Energy Futures Ticking Modestly Higher
Energy futures are ticking modestly higher to start Thursday’s session as equity markets continue to focus on China drama in various forms, while OPEC just sent a signal that they may want to act to keep prices from dropping any further.
OPEC’s monthly oil market report was highlighted by yet another reduction in global demand forecasts. The Cartel suggested all options will remain open at its December meeting, although getting Saudi Arabia and Iran to cooperate on anything this year seems to be easier said than done. OPEC’s output dropped sharply as expected in the wake of the attacks on Saudi facilities, but all indications are that most if not all of their production is back online already.
Ethanol prices stole the show Wednesday with spot values rallying some 13-15 cents around the country after the DOE’s inventory report showed the largest weekly drop in inventories on record. RIN values did not join in on the binge buying of fuel-grade alcohol as doubts appear to be creeping in on the impact of the EPA’s “deal” to update the RFS.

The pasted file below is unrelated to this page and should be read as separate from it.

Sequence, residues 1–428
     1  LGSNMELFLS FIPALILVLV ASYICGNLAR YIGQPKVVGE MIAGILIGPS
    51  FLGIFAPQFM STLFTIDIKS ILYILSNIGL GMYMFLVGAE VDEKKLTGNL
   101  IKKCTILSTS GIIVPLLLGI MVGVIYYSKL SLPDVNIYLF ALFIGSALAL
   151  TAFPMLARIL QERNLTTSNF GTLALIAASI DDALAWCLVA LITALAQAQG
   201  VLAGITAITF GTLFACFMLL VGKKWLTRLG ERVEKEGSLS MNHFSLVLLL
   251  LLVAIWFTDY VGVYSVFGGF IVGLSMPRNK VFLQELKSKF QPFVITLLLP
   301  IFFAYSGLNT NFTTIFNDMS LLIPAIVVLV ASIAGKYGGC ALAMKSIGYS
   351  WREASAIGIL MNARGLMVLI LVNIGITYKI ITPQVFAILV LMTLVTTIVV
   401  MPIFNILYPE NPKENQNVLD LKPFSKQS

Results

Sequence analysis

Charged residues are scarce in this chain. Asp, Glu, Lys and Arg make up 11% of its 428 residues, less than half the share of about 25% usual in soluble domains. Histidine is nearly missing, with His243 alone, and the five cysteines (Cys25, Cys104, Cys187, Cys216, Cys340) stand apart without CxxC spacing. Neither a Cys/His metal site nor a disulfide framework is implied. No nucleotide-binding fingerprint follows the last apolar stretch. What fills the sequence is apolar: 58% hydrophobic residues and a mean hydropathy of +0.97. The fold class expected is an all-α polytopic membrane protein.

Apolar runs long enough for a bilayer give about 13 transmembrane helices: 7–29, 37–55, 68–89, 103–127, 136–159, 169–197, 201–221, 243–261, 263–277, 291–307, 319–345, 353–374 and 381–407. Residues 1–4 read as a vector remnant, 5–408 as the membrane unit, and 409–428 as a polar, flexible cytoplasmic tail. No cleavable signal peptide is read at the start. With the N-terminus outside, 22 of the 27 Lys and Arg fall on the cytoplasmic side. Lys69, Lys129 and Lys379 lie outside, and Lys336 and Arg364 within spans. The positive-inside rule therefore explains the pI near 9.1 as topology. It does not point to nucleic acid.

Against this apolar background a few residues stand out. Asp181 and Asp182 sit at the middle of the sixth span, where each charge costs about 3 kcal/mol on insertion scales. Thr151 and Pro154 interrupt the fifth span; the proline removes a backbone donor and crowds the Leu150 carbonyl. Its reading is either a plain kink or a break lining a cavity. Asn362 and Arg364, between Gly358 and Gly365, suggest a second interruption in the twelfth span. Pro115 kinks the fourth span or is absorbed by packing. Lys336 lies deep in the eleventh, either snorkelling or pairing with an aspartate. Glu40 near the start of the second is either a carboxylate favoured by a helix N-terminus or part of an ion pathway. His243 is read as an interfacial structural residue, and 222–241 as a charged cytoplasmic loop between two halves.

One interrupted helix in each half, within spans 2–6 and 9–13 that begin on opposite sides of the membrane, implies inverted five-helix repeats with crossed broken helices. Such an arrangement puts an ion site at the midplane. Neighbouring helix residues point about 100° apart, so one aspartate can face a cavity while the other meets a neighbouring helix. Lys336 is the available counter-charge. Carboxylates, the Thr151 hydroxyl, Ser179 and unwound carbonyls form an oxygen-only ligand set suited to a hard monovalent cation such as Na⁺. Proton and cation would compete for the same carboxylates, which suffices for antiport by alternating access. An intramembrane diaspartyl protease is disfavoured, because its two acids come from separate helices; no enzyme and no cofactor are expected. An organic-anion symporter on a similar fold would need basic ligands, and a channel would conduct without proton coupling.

The most notable data point for petroleum in the report was another large drop in refinery runs (even though PADD 5 rates recovered) as maintenance activity this fall surpasses most forecasts. PADD 1 was particularly notable as it approached a decade-low as Monroe’s refinery is off-line for work. That low run rate seems to be driving counter-seasonal strength in RBOB calendar and basis spreads.
US diesel inventories continue to trend near the low end of their seasonal range in most US markets, and helping to keep upward pressure on futures which are now up for a 6th straight session. The notable exception is the Midwest, which is now staring down a winter storm that will hamper harvest efforts in the latest bit of bad news for agriculture interests in a brutal 2019.
Still wondering why west coast gasoline prices spiked by more than a dollar in the past couple of weeks? Take a look at the PADD 5 gasoline inventory chart below.